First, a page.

Economic Impacts of Educational Tourism in Jordan
Keywords:Educational Tourism, Economic Impacts, International students, Tourist Sites, Jordan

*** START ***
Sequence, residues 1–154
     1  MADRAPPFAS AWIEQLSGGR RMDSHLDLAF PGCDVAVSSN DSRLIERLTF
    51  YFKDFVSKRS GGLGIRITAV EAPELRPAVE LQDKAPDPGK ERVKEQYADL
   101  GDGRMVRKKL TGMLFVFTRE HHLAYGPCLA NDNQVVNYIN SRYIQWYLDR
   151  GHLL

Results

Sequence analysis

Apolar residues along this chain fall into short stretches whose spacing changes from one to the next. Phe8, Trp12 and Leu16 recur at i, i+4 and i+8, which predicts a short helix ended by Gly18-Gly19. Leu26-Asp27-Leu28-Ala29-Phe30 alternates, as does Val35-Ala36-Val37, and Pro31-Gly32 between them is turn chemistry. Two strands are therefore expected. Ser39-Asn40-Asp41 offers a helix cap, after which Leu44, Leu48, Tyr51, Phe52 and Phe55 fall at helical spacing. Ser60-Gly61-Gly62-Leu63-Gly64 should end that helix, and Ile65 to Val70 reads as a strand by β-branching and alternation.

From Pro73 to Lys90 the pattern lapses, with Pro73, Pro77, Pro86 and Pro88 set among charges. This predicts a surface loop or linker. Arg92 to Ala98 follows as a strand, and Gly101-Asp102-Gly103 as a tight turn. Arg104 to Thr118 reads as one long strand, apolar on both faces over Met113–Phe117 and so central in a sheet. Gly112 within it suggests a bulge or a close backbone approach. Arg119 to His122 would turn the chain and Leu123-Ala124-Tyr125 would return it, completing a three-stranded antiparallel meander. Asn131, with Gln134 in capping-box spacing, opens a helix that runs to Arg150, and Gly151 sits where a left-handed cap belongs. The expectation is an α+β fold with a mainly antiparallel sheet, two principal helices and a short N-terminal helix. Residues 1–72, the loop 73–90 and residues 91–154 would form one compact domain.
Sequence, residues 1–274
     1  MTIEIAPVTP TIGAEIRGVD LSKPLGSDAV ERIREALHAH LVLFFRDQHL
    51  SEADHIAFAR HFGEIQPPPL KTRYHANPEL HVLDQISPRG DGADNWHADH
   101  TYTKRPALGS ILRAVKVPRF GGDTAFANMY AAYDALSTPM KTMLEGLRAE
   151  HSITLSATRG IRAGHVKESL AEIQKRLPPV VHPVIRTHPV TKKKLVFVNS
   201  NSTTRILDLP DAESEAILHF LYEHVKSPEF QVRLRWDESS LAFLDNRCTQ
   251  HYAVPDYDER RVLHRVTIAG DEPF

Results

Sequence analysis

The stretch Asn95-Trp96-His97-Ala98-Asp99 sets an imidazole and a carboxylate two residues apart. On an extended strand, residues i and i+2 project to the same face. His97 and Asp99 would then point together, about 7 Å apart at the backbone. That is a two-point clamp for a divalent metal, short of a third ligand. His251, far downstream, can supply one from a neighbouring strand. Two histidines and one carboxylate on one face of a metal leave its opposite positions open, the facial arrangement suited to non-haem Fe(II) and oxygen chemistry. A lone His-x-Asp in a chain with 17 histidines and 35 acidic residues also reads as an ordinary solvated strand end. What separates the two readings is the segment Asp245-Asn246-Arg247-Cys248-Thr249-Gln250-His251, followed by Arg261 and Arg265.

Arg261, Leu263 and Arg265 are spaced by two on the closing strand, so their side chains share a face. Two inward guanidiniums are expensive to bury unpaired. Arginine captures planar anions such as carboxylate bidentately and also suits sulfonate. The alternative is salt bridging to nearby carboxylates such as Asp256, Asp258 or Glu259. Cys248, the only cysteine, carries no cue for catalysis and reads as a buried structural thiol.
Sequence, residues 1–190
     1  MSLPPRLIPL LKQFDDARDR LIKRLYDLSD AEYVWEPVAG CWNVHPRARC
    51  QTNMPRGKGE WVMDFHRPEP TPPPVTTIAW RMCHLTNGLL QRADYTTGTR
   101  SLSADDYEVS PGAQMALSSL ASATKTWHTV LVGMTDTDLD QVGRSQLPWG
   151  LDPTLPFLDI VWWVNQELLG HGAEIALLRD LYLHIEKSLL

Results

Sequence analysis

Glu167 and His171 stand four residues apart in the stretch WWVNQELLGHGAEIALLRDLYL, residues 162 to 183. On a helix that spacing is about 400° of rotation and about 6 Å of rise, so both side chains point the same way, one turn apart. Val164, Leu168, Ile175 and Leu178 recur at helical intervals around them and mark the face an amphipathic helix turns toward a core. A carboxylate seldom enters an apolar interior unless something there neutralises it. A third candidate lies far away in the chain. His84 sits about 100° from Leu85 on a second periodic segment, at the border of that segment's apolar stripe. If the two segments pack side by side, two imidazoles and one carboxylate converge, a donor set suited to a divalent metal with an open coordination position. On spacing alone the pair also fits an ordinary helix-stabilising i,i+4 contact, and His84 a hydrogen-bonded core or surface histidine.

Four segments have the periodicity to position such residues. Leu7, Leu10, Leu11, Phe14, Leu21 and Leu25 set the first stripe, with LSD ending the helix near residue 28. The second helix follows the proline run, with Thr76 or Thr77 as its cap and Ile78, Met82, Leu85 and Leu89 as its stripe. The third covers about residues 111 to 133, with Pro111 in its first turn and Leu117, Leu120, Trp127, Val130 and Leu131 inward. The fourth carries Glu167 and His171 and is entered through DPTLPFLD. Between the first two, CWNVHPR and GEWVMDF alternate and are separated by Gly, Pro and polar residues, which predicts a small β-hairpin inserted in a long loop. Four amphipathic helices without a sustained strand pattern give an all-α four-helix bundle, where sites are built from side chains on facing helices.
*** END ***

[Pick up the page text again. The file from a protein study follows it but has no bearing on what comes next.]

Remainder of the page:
The aim of this study is to identify the economic effects of the educational tourism in Jordan. Behavioral and descriptive and analytical statistical approaches were used. The results of the study were based on a questionnaire, which was designed for collecting the required data and was distributed to a random sample of (1000) international students, who study at the (the University of Jordan, Mu'tah University, Al-Ahliyya Amman University, Philadelphia University, Isra University and The World Islamic Science University). 844 questionnares were analyzed using SPSS. The results indicated that the highest percentage of international students were at the University of Jordan, and their field of study usually is in medicine and health majors, and the largest number of international students were Iraqi students. The economic effects were represented in spending rates for international students that include spending on: university fees; food and drink; communications; housing; books and stationery; and transportation. According to the survey, the most common obstacle that international students faced during their stay in Jordan were: the high costs of accommodations in tourists places; the high cost of food and drinks; the cost of tickets for some tourist places. The results also indicate that there is also a statistically significant effect at (α ≤ 0.05) for gender variable on the economic variables: tuition fees rate; books and students supplies; and the costs of tourist trips. In addition, there was no statistically significant effects at (α ≤ 0.05) for gender variable on of the economic variables such as: expenditure on housing; transportation; communications; and food and drinks. There is also a statistically significant effect at (α ≤ 0.05) for nationality, university type, and specialization variables on the following economic variables: tuition fees rate; housing; books and students’ supplies; transportation; food and drink; and the costs of tourist trips. The study concluded with several recommendations and the most important is the necessity to propose coordination between the Ministry of Higher Education and Scientific Research and the Ministry of Tourism and Antiquities in general, and Jordanian universities in particular; to create promotional programs for tourist sites targeting international students.